Scaling your tech startup is an exciting phase of the whole entrepreneurial venture. The option to do so serves as validation that your product/service has value. In a cutthroat industry wherein 9 out of 10 tech startups fail, being able to scale should be greeted with a pat in the back for the good work.
However, before celebrating the fact that you’ve been able to survive this long, one must first consider if scaling is the best possible direction for your startup to take. Here are five things to keep in mind if you’re at this particular crossroad of whether to scale or not:
Determine Your Workforce’s Readiness
Scaling means higher volumes of work and more data to process. Is your team ready to take on this workload? Can they work under the stress and pressures that come with expanding to new market niches or new audiences? Sit down with other high-level staff, such as senior software development engineers and product managers, to figure out if your current team has enough collective brain power to handle the new technical challenges that scaling brings.
Start with the Small Things
It’s a preconceived notion that successful startups, such as Uber or AirBnB, were already high-functioning companies right from the start. However, these companies weren’t born superstars overnight. They began on the hard route, which is by working on tasks manually. Take Zappos as a good example. When the company started, its founder, Nick Swinmurn, visited local shoe stores and took photos of everything that was on display. He then posted those photos on a website. When someone clicks the photo and buys it online, he returns to the shoe store, buys it, and them mails it to the customer.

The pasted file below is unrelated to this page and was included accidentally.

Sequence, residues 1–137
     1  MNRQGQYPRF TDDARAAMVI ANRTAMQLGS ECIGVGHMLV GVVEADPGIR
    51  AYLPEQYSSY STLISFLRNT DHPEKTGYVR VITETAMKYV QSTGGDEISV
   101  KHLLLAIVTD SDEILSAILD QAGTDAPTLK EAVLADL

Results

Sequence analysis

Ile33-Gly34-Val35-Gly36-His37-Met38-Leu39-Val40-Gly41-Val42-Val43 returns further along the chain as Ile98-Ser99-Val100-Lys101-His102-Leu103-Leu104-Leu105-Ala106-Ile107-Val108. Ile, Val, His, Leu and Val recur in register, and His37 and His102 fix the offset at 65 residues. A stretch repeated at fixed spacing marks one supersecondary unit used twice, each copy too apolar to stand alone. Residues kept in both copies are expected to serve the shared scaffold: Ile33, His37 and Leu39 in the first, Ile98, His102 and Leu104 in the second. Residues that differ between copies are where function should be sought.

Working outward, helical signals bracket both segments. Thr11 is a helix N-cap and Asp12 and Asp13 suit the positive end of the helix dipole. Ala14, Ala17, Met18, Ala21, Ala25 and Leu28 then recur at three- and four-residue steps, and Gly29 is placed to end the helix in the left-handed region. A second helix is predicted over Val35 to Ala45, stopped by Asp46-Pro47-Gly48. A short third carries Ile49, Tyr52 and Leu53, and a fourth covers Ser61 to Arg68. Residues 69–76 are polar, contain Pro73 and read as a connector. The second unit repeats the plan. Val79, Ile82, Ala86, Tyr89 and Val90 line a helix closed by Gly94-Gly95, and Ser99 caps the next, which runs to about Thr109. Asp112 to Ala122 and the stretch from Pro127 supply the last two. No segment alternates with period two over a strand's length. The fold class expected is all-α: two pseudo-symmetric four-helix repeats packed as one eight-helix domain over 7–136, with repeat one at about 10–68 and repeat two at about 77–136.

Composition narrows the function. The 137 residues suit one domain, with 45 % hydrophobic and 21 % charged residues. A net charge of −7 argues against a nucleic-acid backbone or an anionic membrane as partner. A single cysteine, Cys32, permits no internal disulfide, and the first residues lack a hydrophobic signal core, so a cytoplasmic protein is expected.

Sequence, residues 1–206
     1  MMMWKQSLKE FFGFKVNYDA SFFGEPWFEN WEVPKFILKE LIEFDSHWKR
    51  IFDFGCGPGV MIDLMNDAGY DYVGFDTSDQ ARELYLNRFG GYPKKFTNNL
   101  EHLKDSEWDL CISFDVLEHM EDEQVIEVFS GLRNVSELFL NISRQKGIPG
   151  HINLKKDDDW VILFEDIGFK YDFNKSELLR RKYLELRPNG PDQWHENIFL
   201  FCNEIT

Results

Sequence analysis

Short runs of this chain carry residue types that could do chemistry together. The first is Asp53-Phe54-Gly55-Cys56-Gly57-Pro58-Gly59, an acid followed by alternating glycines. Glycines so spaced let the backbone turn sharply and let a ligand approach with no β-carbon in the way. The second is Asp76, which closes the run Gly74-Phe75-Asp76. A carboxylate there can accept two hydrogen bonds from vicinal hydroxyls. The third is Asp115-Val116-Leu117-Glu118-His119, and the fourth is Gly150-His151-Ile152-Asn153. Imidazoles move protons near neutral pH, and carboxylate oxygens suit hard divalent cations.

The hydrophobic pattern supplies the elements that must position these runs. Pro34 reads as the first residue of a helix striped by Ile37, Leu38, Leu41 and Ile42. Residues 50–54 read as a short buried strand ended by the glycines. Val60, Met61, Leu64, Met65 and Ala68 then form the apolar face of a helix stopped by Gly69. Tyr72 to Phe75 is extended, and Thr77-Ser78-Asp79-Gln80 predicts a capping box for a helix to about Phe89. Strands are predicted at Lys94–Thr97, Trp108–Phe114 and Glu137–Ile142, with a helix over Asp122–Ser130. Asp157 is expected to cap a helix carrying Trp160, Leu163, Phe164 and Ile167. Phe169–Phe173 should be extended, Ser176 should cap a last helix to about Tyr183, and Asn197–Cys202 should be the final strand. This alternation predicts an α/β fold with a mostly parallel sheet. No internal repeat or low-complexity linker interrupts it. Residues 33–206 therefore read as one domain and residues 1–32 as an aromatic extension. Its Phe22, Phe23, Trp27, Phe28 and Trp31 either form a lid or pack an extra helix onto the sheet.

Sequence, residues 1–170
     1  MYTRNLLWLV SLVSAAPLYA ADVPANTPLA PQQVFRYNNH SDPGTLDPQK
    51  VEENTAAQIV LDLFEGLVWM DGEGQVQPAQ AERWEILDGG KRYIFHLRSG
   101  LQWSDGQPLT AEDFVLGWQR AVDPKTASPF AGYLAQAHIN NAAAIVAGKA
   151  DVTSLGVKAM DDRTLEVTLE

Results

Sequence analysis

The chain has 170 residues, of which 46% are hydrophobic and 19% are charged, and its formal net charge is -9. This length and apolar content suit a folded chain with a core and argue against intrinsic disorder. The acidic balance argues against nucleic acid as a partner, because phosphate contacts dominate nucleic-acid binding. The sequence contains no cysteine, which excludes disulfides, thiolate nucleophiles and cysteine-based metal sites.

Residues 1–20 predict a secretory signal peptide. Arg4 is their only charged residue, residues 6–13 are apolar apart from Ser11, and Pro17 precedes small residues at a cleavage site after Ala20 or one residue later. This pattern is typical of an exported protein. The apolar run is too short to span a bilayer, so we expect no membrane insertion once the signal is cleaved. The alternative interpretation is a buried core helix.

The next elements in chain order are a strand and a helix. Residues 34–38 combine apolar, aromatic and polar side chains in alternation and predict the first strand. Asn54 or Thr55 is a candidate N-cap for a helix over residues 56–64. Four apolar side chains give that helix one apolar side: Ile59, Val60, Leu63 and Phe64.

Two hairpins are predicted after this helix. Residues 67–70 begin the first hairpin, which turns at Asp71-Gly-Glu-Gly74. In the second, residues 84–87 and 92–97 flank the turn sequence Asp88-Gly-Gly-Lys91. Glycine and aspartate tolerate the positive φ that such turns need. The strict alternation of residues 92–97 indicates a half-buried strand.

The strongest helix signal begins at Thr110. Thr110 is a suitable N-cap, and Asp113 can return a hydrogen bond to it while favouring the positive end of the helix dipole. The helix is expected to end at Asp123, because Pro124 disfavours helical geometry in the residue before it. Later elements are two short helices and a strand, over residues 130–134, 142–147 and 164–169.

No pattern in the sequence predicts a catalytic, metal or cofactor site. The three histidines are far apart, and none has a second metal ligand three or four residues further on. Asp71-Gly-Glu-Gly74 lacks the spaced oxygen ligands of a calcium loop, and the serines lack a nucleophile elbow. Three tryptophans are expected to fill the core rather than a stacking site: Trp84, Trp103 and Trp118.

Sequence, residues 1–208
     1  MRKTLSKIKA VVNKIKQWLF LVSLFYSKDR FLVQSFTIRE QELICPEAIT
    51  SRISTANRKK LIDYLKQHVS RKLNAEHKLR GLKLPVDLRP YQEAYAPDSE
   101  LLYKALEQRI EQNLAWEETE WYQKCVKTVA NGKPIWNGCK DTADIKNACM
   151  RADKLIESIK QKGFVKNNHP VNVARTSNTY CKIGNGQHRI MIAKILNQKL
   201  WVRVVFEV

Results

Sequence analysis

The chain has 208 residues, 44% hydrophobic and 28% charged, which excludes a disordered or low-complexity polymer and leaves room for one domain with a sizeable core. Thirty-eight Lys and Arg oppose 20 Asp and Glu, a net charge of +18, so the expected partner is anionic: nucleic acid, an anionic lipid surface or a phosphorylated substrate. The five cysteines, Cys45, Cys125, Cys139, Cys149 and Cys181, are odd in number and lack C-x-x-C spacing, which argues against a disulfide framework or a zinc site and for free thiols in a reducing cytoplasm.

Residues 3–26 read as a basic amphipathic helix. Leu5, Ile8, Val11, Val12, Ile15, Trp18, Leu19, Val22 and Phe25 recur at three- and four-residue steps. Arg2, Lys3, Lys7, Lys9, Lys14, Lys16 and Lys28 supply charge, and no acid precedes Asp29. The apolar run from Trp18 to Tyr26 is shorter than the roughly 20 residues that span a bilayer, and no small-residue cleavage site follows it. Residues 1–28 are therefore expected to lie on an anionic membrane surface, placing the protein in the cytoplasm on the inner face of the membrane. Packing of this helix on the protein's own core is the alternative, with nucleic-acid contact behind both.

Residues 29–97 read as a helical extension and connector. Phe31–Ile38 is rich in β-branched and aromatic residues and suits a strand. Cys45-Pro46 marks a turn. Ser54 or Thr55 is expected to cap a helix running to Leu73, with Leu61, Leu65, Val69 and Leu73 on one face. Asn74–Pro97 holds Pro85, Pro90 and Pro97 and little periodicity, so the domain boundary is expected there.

Figure Out the Tech First
A tech startup relies on technology to be able to move forward. If you haven’t figured out how to specifically scale your IT systems and product’s tech capabilities, it’s best to hold off any plans to scale. Figure out how to set up your cloud storage and organization, how to set up your hiring and training processes, how to automate your marketing campaigns, and how to improve on your product’s or service’s current technology to be able to offer future updates and features. The underlying tech behind these operations are vital for your company to keep up with new market demand without collapsing under the weight of increased costs.
Work on a Mobile App
A mobile app is an expected feature for any serious tech startup. App development and maintenance, however, can be expensive. You can choose to either have an app built in-house or by an outside app development firm. It depends on your budget as well as the technical expertise and specializations of your employees and teams. Look for someone experienced in Ruby, Swift, Java, and other mobile-friendly and agile languages. Before expanding to new markets, it helps to have a mobile app to represent your brand on consumers’ mobile devices. Without one, it’ll be difficult to get your brand out there.
Consider Outside Investment
Startups in general burn through cash quicker than traditional businesses. It’s one of the many reasons why investors treat startups as a high-risk investment. Before scaling, think about your runway. How much time do you have until you eventually run out of operating capital and require an injection of cash from outside parties? Six months? A year? Perhaps your startup is only afloat until the end of the month in which case it makes fiscal sense to focus more on how to bring in more investors and how to bring down the costs of software development and less on scaling.
Scaling a startup is a very tricky objective to say the least. There are a lot of moving parts, some of which are very fragile and reactive to change. Use the five things mentioned above as a template or checklist before making any final decisions and setting anything in motion.